Long after sunset, when the stars were out, I saw of a flash of red light. I looked up from my sleeping bag, and saw the silhouette of a hiker wearing a red headlamp. "Hey there," I shouted. "You lost?"

A couple of more hikers came up behind him. "No, just doing a little night hiking." Then they quizzed me about the amount of snow on Kearsarge Pass. I provided what information I could, and they continued on. I don't know who they were or why they were hiking so late at night, but I wished them the best of luck, then rolled over and went back to sleep.

During the month of August, I'll be participating with Amanda in the Washington Trail Association's Hike-a-Thon. If you haven't already, please consider sponsoring us. (Especially me!) The folks do great work helping to fix up and maintain trails such as the Pacific Crest Trail and help make thru-hikes such as mine possible. If you enjoy reading this blog, consider giving something back to the trails that make it possible. Thanks!


Goofy girl said...

Night ryan. I hope the girls are okay. I wonder about Charmin and Hasty if they had camped together she should have known that he hadn't left without her... what is up with that?


Laughing Orca Ranch said...

Well that's a little disturbing. Those girls were kind enough to allow you to tag along with them so you would feel safe, then you left them and went your own way, essentially failing to watch their backs, the same thing you claimed Charmin did to you.

I hope your decision didn't put those nice girls in harm's way, especially if spent the rest of the day worrying you were lost or hurt and trying to find you.

If anything, this should have taught you that it really is easy to lose your partner on the trail, like Hasty and Charmin seemed to have done.

But I suspect there is more to that story. Did Charmin ever tell you that she wanted Hasty to be her trail partner?
Could something have happened that caused her not to trust Hasty? Perhaps she was purposefully trying to create distance between them?

I'm also surprised you would blame Charmin for your decision not to stock up on enough food for your hike through the Sierras, and instead to make a detour to Independence.
You've been thru-hiking long enough to know what you need and I'm sure you've done your thorough research of the PCT to plan where your restocking points would be.

I'm surprised that one person had the ability to make you change your well-thought out original plans without any questioning, concern and consideration on your part. Sounds like you are just as much to blame for that decision in the end.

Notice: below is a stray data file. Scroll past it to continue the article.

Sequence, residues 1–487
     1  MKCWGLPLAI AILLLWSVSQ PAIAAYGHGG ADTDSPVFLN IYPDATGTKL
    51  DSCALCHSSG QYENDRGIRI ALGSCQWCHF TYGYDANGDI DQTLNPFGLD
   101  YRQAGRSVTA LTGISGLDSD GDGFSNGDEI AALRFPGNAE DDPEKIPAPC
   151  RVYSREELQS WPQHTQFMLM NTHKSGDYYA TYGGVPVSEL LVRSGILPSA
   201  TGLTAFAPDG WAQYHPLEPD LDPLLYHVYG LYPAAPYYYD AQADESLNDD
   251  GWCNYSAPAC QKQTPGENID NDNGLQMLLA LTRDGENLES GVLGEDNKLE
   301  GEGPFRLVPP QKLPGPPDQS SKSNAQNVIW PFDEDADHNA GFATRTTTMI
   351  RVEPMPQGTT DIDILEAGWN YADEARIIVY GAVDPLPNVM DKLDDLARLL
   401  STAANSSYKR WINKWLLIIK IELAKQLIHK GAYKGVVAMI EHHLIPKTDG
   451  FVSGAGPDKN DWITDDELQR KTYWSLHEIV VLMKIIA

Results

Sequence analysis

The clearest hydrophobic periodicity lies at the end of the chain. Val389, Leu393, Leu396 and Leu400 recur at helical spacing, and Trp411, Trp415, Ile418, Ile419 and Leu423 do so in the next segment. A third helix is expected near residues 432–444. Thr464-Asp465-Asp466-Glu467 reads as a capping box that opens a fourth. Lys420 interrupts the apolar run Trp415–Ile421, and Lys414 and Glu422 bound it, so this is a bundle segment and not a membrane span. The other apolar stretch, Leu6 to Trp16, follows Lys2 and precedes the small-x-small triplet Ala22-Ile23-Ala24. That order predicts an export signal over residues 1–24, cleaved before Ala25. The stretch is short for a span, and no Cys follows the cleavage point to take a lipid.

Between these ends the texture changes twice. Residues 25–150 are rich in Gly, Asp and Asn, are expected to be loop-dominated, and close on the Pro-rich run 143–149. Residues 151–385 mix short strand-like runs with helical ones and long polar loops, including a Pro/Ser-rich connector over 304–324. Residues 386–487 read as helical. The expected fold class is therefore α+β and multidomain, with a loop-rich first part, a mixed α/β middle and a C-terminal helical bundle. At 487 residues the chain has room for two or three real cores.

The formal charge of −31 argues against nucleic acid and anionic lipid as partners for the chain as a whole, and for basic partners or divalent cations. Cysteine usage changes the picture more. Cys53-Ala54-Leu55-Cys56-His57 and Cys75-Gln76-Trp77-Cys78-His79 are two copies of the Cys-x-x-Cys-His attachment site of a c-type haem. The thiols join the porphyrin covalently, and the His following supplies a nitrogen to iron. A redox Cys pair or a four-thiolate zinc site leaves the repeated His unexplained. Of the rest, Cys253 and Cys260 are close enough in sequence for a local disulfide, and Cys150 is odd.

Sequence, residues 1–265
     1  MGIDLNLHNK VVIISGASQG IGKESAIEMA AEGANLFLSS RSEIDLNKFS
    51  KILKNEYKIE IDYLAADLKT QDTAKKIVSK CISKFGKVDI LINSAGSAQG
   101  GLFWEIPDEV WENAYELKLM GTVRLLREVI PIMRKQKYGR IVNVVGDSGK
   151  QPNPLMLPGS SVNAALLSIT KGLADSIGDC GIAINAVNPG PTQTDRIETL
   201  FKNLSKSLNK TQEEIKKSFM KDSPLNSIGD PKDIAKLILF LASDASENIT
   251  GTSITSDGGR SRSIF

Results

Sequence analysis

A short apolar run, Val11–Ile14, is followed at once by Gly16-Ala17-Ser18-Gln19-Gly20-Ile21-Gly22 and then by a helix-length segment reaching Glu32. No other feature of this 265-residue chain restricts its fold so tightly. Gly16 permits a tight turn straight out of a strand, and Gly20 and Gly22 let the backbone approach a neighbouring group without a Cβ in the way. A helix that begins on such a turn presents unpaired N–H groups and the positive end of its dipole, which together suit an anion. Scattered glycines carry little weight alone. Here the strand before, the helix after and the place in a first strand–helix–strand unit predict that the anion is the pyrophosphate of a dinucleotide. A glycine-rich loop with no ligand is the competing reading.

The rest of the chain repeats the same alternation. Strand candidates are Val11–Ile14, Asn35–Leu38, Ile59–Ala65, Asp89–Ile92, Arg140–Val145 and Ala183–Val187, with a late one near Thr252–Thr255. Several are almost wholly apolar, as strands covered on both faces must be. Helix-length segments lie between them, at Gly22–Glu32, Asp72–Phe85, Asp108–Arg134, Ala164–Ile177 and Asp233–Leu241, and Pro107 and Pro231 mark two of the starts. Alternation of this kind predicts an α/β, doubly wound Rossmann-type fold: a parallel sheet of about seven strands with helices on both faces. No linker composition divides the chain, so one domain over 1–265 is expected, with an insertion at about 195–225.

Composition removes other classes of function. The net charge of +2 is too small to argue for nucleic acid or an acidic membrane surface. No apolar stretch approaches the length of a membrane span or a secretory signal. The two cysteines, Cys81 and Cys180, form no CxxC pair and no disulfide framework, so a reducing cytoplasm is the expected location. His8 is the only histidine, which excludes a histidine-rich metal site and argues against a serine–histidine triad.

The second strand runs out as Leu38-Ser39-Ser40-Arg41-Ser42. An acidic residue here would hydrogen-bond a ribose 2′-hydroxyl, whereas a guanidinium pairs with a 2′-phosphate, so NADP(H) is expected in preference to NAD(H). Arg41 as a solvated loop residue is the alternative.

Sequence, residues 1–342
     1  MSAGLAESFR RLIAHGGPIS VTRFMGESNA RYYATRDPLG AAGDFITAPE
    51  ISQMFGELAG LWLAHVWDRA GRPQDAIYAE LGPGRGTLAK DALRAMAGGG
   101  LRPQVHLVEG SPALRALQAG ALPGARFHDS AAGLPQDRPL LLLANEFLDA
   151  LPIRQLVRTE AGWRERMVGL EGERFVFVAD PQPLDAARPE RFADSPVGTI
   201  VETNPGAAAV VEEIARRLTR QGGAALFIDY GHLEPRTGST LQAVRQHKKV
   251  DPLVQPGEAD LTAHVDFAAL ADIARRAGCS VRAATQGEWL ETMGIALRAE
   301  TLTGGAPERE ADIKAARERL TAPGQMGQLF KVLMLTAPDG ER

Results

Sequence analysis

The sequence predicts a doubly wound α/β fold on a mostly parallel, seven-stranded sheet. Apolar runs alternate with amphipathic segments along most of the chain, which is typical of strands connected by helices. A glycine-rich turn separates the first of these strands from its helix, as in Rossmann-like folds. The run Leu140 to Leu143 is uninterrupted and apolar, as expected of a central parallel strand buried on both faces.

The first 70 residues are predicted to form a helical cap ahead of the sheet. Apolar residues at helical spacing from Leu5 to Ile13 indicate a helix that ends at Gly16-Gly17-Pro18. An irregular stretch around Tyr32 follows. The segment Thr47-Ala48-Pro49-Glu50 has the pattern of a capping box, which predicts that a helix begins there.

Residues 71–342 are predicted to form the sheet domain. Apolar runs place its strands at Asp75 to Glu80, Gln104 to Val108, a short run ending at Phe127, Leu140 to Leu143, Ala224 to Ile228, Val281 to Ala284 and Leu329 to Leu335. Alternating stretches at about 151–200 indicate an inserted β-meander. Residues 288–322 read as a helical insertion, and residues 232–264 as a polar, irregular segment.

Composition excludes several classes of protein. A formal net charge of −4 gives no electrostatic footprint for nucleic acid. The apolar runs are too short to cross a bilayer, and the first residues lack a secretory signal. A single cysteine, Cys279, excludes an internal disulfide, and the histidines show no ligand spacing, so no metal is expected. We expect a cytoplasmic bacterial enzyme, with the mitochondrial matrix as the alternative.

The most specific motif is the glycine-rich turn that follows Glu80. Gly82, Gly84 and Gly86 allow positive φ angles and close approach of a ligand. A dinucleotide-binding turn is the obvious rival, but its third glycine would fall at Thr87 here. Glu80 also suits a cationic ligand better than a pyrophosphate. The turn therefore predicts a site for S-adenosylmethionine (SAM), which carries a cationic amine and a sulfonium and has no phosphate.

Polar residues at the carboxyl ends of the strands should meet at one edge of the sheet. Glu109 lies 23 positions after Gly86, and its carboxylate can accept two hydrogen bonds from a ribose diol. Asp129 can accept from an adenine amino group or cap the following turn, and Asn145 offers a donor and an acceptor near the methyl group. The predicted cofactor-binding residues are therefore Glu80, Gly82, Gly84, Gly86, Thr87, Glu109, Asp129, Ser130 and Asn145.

With that said, I am very impressed with the terrain you were hiking on. The photos are absolutely incredible!

If you can hike these mountains, you can hike the Continental Divide Trail and really should consider it. It's the King of all North American Trans-Continental Trails in North America.

Definitely a coveted feather to place in your hat.

Hike On!
~Twinville Trekkers

Ryan said...

The dynamics between each of my hiking partners is different. Charmin agreed to watch my back, and I felt betrayed when she ditched me. We were partners, I trusted her, and she ditched me.

The two Israeli girls and I were never hiking partners per se--I felt more like a guest in their camp, and they certainly didn't need me as much as I needed them. They still had each other. I had no one. And anyhow, their invite was only for getting over Forester Pass. We never agreed to stick together after that.

Fidget and I just kind of fell into hiking together--not officially partners, but since we we both found ourselves hiking alone, we both felt more comfortable having each other around.

Different people, different circumstances, and different dynamics.

I think you give me too much credit for planning ahead, though. I rarely looked beyond the next resupply point. When I left Kennedy Meadows hiking with Charmin, we were partners, so I let her pick the resupply point. Didn't make much sense for me to carry 10 days worth of food if she only was carrying 7. It might not have been my first choice for a resupply point, but it was a compromise I was willing to make to have a hiking partner through the High Sierras. *shrug* In hindsight, I would have made some decisions differently, but wouldn't we all? =)

-- Ryan